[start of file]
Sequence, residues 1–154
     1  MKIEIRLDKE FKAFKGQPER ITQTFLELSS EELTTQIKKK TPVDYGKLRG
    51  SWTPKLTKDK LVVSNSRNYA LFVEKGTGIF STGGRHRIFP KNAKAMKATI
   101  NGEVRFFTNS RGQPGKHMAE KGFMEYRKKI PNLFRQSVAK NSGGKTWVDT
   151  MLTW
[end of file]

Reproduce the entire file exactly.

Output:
Sequence, residues 1–154
     1  MKIEIRLDKE FKAFKGQPER ITQTFLELSS EELTTQIKKK TPVDYGKLRG
    51  SWTPKLTKDK LVVSNSRNYA LFVEKGTGIF STGGRHRIFP KNAKAMKATI
   101  NGEVRFFTNS RGQPGKHMAE KGFMEYRKKI PNLFRQSVAK NSGGKTWVDT
   151  MLTW